“Creativity, compassion and consumption have to learn to go hand in hand.”
I first heard about social entrepreneur Safia Minney and her label People Tree in 2013, when she created a fashion collection in collaboration with actress and activist Emma Watson. At the time I had just started working in Milan’s fashion industry and articles about sustainability had begun appearing in the imported fashion magazines I would purchase at the newsstand.
I had been out of high school for less than a year and was starting to take my first steps in fashion, so I was interested in the topic of fair trade but had not considered it in relation to my consumer habits. Anyway, when the Emma Watson x People Tree came out I bought a white and blue scarf from the collection and along with it came the brand catalogue; I was surprised at how great the clothes look, since when fair trade collections first appeared in the fashion industry most of the garments didn’t look fashionable and were quite plain. This collection by People Tree looked very preppy and vibrant, so that’s what led me to purchase the “Naked Fashion” book. Well, as the years went by, I moved house three or four times and the book always followed, but I didn’t get to read it until about a month ago. I have just finished a Fashion Business specialization course with New York’s Parsons School of Design and most of the course focused on the theme of sustainability and the need for an ethical supply chain, so when I spotted “Naked Fashion” in the fashion corner of my personal library I immediately picked up the book and read it. About time!
Although there are some points in the book where you definitely notice it was written more than ten years ago (the topic of social media is barely mentioned and the book is now out of print, but used copies are still available online), I think most of the themes it deals with are now more relevant than ever. We are living in a post-pandemic era, and climate change issues have gotten worse in the last decade; the fashion industry is the second most polluting industry in the world after the oil industry, social media and influencer sponsorships have led to an era of excessive consumerism, especially fast fashion brands, while most of the clothes end up in landfills and pollute the oceans and the air we breathe. However, we must recognize that there have been significant changes, partly determined by the new generations who are interested in environmental issues; many surveys show that Millennials and Generation Z prefer to buy garments that last longer and are of better quality, also showing a particular interest in second-hand fashion.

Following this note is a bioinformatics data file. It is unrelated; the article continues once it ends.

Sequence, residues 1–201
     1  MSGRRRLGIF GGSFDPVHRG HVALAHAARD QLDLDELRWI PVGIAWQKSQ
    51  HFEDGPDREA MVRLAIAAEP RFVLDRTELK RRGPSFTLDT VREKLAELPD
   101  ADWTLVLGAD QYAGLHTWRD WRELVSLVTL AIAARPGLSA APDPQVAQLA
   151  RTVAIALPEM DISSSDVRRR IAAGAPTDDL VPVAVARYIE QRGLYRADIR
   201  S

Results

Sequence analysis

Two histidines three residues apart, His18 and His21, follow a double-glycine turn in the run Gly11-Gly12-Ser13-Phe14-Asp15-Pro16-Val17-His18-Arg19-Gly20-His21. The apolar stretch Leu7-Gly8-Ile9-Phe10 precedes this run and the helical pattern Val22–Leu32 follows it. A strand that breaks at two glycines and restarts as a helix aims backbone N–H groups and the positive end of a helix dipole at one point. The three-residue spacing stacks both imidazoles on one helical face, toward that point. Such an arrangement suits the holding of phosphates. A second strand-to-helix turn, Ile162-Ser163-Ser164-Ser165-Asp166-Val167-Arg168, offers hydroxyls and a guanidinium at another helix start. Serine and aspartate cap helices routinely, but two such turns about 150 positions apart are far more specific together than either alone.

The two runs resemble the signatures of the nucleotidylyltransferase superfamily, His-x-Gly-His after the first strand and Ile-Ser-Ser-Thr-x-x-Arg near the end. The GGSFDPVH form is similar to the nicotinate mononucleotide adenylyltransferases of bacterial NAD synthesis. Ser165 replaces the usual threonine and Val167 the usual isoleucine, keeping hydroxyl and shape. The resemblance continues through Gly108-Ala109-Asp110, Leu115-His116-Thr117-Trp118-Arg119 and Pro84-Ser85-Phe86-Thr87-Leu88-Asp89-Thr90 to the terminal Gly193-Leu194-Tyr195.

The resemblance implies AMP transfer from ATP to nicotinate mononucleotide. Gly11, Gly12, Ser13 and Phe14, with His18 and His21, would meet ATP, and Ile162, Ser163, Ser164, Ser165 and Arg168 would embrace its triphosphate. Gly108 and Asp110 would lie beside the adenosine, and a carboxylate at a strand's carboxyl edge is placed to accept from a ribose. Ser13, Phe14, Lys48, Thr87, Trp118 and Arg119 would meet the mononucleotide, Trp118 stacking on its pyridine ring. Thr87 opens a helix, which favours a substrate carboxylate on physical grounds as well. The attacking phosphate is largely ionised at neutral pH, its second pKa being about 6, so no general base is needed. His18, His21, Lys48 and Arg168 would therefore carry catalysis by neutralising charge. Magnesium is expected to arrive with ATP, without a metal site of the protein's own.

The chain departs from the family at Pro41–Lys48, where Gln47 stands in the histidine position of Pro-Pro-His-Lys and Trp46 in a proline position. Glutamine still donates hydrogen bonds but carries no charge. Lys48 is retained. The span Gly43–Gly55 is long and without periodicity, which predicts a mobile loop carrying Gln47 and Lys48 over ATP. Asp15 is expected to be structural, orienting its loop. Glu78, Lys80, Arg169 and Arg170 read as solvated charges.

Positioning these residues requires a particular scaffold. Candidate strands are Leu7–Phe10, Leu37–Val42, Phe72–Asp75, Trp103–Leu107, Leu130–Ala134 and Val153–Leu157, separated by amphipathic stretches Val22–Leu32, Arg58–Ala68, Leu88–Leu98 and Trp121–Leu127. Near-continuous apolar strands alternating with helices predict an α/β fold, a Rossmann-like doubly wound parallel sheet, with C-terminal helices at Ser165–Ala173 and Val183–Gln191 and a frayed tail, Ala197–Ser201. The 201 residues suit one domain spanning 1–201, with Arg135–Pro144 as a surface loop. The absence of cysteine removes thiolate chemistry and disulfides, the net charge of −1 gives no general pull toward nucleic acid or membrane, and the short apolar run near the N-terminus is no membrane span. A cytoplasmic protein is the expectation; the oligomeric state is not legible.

Safia Minney’s “Naked Fashion” reflects on the Rana Plaza building accident in Dhaka, Bangladesh; in 2013, the building that housed five garment factories collapsed, killing thousands of factory workers. This tragedy became a symbol of the fashion industry’s negative impact on the planet and the urgent need for sustainability.
Through words and pictures, Minney talks about the benefits of Fair Trade fashion for people and the environment; along with Emma Watson, she guides us into the Bangladesh village of Swallows, where people employed by People Tree live in decent conditions and produce clothes for the eponymous label, favoring handmade over machine-made clothing production, which preserves traditions and makes sure that each garment is unique in telling its own story.
The book is divided into different sections, like vintage fashion, supply chain issues and ethical brands, with interviews to creative directors promoting sustainability, including British designer Vivienne Westwood, Turkish designer Bora Aksu and former CEO of Whistles Jane Shepherdson.
I fell in love with “Naked Fashion” because it has multiple valuable points; it is very educational and you get to envision the need to rebuild humanity in a world which usually chooses profits over people. There are so many inspirational and thought-provoking stories in this book, as many of the interviewed people share their own vision and approach to a more holistic fashion. I really appreciate how it integrated with my Fashion Business course and it got me interested in researching some of the sustainable brands it mentions. While some people may argue that the book tends to focus more on People Tree than other sustainable and eco-friendly brands, writer Safia Minney is the CEO of People Tree, a Fair Trade fashion pioneer since its establishment in 1991, so her brand is the one which set an example for other fashion designers and brands alike.
OTHER BOOKS YOU MAY LIKE: Non-fiction books by writer and activist Naomi Klein are the first ones I can think of, mainly “No Logo: Taking Aim At The Brand Bullies” and “This Changes Everything: Capitalism vs. The Climate”. You can also check out Zerrin.com’s article “29 Inspiring Books On Sustainable Fashion” because the list includes many titles on the matter. I am particularly interested in reading other books by Safia Minney, such as “Slow Fashion: Aesthetics Meets Ethics” and “Slave To Fashion”. I also plan to read “Fashionopolis: The Price of Fast Fashion and The Future of Clothes” by Dana Thomas.
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